Last year, Israel Festival director Eyal Sher had to postpone the annual June celebration until September. When a smaller, more intimate version of the festival finally took place, it also offered online viewings of the performances.
This year, the festival is back onstage, June 3-19, and celebrating its 60th year with a roster of some of Israel’s best-known artists who encompass the country’s cultural landscape.
Still, about half of the festival events are missing this year, said Sher, since six to ten shows are usually brought to Israel by international artists.
There also won’t be a major concert staged in Jerusalem’s Sultan’s Pool arena.
“We’re so missing that kind of experience,” said Sher. “But we feel that it’s exactly the right size and context for this period that we’re in. I don’t feel like it’s time for major events. We need things to be relevant to the period in which we’re living.”
While Israeli cultural institutions were allowed to reopen in March, they’ve done so gradually, as operas and plays began rehearsing and musicians took to stages in front of smaller, socially distanced audiences.
Sher generally plans the Israel Festival at least a year in advance, but this year he and his staff waited to see how Israel’s vaccination plan would proceed before setting any dates.
“It was very clear that we couldn’t have any international artists, just like last year,” he said.
Even once the dates were firm, “you continue doing risk management all the time,” said Sher.
As well as the lack of international artists in attendance, there won’t be large or standing room-only events. Audiences will be small, in capsules, and only seated, in configurations that they had already mastered during the rescheduled September 2020 Israel Festival.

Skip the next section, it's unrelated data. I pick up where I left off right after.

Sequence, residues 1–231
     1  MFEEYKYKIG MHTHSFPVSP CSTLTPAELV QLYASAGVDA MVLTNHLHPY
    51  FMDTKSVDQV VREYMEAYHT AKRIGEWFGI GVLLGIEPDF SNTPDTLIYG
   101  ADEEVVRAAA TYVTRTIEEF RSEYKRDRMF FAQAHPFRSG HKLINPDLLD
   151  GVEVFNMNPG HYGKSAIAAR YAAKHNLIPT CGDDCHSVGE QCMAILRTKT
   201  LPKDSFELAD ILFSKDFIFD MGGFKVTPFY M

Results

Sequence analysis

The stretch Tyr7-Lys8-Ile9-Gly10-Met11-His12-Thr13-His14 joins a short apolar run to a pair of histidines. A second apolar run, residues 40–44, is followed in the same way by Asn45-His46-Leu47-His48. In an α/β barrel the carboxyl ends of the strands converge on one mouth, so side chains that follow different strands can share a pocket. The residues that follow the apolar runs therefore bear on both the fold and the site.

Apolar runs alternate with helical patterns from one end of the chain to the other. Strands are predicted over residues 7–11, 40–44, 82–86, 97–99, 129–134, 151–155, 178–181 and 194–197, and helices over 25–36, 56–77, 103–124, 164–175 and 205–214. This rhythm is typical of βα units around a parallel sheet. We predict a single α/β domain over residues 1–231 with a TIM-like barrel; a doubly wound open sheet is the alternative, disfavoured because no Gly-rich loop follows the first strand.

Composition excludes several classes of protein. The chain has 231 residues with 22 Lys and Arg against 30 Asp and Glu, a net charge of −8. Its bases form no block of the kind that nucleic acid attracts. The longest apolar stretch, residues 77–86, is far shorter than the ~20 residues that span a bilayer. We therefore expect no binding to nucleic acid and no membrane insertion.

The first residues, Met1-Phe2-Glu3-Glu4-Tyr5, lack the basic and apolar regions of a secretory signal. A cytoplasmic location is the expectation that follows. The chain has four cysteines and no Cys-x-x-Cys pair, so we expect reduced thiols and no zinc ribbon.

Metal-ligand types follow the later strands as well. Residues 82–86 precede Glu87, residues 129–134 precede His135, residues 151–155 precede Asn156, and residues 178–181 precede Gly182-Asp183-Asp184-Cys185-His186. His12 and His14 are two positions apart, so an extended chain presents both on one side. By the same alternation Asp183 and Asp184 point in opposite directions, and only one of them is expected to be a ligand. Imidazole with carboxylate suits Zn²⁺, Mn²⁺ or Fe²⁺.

Unlike last September, the organizers decided against live-streaming the performances, believing that most of their audience can and will come out to live shows.
“We didn’t think it was a time for wild celebrations, but we wanted a solid program that would celebrate all kinds of artists and pay tribute throughout the generations,” said Sher.
Instead, it’s a homegrown Israel Festival, with a steady stream of known and lesser-known Israeli artists, all of them offering their take on 60 years of Israeli culture.
The festival opens June 3 with Inspiring Connections, a program that includes 40 artists from various disciplines who were asked to create ten-minute original pieces based on another piece of work that inspired them. The catch? The work that inspired them had to be from a different medium than their own.
The resulting pairings are creative, such as pianist Shlomi Shaban ruminating over the goat paintings of Menashe Kadishman, the choreographer Rina Sheinfeld dancing to the video work of Michal Rubner, and theater artist Gilad Kimchi rethinking the classic Yehudit Ravitz song, “The Prettiest Girl in the Kindergarten.”
“We didn’t want musicians just doing covers of someone else’s music,” said Sher.